Glasses Making You Depressed?

Every so often we talk about glasses and depression, here in the blog.  (Some of the previous articles, 1) anxiety, depression, weight gain, 2) headaches, depression, overprescriptions)

I like sticking to natural myopia control and not stray off the path too far, too long.  It’s easy to get lost in what-ifs and possible related symptoms, and going to blame glasses for everything, or improving eyesight as ‘cure’ for lots of other ailments.  That’s a red flag when any one particular thing is made out to be the magic solution (or scape goat) to a whole litany of health issues.  

“But Jake, what about wheatgrass.  Cured my cancer and my diabetes, and all my hair grew back, too.”  

Today, let’s take a little swerve off the path.  Just for a moment.  Let’s talk about glasses and depression, because it’s actually important.

I posted the following in the Endmyopia Facebook group, yesterday:

About High Myopia & Depression

Another tidbit from the support forum, this one is so, so important. Excerpt of Olivia’s post there:

“For the increasing awareness while outside and taking our glasses on and off, I am struggling with this. I understand that we have to appreciate the sense of clarity we get as we put our glasses back on, but I have trouble with the way I feel when I take my glasses off. I can relate to day #10 about depression. I have had clinical depression for about nine years now (but I am getting better at coping with it), and when I take off my glasses, a sense of sadness and hopelessness overrides my brain. I try to fight it and have a feeling of hope and pride that I am on my way to bettering my eyesight. I remind myself that I am working on an accomplishment, but I still struggle with it. I think it is because my myopia is so high and I only see a fuzzy blur.”

Want more community discussion and help with your myopia?  See our darling Facebook group!

I’ve had a whole lot of exposure to this over the years and I’m quite suspicious about how much high myopia may be contributing to depression. I can’t give it a higher ranking than “anecdotal evidence” but high myopes and depression is incredibly common of a combination. Likewise, once they get back to -6, -5, I see things often are also notably better in the mental well-being space. Notably to a point where sometimes students were almost unrecognizable in their demeanor. Who is this happy person?!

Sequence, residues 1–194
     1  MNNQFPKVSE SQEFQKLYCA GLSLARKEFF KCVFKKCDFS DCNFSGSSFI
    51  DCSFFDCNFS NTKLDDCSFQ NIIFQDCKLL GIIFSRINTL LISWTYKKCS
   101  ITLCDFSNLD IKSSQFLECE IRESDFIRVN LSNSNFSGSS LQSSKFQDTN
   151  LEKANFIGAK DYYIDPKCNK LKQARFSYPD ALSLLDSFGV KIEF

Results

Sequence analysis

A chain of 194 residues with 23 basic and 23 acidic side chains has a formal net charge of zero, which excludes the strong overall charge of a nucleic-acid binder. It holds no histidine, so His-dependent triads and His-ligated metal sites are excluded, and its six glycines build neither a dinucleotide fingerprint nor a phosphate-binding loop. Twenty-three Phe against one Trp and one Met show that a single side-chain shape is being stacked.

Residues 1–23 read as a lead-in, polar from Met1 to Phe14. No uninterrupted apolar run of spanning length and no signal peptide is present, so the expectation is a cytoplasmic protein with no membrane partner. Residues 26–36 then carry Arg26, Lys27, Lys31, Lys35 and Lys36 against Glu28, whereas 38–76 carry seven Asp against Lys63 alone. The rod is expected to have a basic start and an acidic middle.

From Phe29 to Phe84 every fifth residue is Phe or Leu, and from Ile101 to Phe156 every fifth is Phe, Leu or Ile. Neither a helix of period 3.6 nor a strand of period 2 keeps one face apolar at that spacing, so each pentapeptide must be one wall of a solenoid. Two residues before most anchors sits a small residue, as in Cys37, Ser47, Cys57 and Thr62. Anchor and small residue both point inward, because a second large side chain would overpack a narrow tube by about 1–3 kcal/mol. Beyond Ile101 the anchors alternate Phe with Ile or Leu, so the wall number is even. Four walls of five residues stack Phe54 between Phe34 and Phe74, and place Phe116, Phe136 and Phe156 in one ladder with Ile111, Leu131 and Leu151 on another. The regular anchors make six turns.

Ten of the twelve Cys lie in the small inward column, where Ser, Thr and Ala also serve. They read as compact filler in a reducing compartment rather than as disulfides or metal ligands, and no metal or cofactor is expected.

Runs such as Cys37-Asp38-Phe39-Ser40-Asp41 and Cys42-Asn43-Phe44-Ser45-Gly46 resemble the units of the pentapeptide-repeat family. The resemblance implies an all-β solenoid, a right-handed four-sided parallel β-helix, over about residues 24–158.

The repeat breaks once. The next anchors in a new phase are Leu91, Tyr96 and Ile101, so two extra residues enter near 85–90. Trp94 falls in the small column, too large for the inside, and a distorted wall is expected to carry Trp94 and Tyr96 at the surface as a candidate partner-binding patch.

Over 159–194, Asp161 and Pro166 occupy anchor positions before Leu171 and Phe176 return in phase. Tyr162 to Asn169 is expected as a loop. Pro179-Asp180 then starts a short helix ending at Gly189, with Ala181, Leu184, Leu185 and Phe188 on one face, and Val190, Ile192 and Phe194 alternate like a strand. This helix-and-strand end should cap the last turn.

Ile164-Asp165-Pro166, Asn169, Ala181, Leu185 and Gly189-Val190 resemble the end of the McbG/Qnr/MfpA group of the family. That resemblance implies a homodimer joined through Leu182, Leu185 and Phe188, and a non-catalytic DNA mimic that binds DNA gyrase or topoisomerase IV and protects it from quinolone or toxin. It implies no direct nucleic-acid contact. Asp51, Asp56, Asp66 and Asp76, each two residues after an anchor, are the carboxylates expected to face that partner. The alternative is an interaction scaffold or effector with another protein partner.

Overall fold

Also important, always go from more blur to less blur, not the other way around. So go no glasses to glasses, not glasses to no glasses to glasses. Or if you’re high myopia start with close-up and differential, keep the differential when you go outside, then go to normalized / distance lenses. More blur to less blur, always.

Thread is here, if you’re part of the forum posse:…/…/day-17-update-and-questions/…

If you’ve been deemed worthy of membership to the Facebook group, you can click this link to find the whole thread, including the comments.  I was a bit surprised about the volume and content in this particular thread!

Turns out you guys have interesting opinions on the subject of glasses and depression:


There are a lot more, head over to the thread to read them all.

Of course the whole conversation started with me quoting part of a post in the BackTo20/20 support forum – which is where you can always find me for personal support and suggestions (if you’re wondering about your particular situation, and glasses, and diopters, and all the things).  I do moderate the Facebook group, but that’s more nudges than anything, over there is for you guys to connect and discuss and share.

Want to comment on things, that I might see?  Head on over!



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2016-11-09T02:18:01+00:00 By |Categories: Myopia, Vision Health|